• Lean Protein Benefits Linked to Body Weight Management: There’s a growing body of evidence that shows that lean, high-quality protein, like pork, has specific health benefits – especially for weight management. Scientific evidence shows that eating lean, high-quality protein like pork can help people lose or maintain weight by contributing to people feeling full and by preserving lean muscle.
• Satiety Power of Protein – Protein has been shown to be more satiating than either carbohydrate or dietary fat, therefore allowing individuals to reduce ad libitum calorie intake, which can lead to significant weight loss
• Hypertension/DASH: Adults following the health-promoting DASH (Dietary Approaches to Stop Hypertension) eating plan to help lower blood pressure can also include nutrient-rich lean pork as the primary source of protein in their diets, according to new research published last year in The American Journal of Clinical Nutrition.
• Lean meats like pork can often provide higher protein levels in fewer calories than plant-based proteins. For example, a 3-ounce serving of lean pork provides about the same amount of protein as a cup and a half of black beans, but with 21 percent fewer calories. A healthy diet consists of a mixture of plant and animal proteins as evidenced by USDA’s MyPlate recommendations.
7. What is your favorite way to prepare pork? What is one of your favorite pork recipes?
To prepare delicious pork without adding extra calories:
• Choose lean cuts – look for the word “loin” on the label.
• Trim all visible fat and avoid adding large quantities of oil or fat in preparation.
• Use cooking methods that don’t add fat, like grilling.
• Cook to 145 degrees F. (medium rare) and 160 degrees F. (medium), followed by a three-minute rest, for juicy, tender and flavorful pork.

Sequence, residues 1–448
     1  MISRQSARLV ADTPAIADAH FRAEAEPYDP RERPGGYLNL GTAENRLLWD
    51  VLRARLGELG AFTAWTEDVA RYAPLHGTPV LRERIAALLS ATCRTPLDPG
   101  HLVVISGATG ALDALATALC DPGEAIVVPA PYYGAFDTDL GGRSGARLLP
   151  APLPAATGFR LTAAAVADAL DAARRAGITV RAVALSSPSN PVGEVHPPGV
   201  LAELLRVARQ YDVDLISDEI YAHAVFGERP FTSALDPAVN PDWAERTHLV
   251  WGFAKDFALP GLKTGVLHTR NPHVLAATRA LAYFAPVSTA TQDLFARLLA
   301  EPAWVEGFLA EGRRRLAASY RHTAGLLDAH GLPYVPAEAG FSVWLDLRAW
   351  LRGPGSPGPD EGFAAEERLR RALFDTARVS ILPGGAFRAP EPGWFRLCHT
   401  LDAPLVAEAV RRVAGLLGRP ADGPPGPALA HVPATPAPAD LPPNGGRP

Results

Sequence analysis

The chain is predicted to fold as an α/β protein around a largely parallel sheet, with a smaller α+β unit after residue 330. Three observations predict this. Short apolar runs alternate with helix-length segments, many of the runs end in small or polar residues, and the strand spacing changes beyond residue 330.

• Cook ground pork, like all ground meat, to 160 degrees F.
Pork tenderloin or a thick cut grilled pork chop is my favorite pork dish.
Pork is so versatile and pairs well with many other foods: One of my favorite salads is a pork and quinoa kale salad with tart cherries and balsamic dressing. Recipe is below.
8. Is there anything you would like to add regarding pork nutrition or the pork industry?
The National Pork Board recommends cooking pork chops, roasts and tenderloin to an internal temperature between 145 degrees F. (medium-rare) and 160 degrees F. (medium), followed by a three-minute rest. Ground pork, like all ground meat, should be cooked to 160 degrees F.
9. What resources are available for additional information on Pork nutrition?
•Visit www.porkandhealth.org for pork nutrition information and materials.
I want to give a big THANK YOU to Adria for allowing me to interview her and get an inside look into a dietitian’s role in the pork industry!
Disclaimer: This post is sponsored by the National Pork Board, National Pork Producers Council and Minnesota Pork Board. I was compensated for my time but my views and opinions on this post are and will always be my own.
This Ask a Dietitian: Interview with a National Pork Board RD post first appeared on Chocolate Slopes.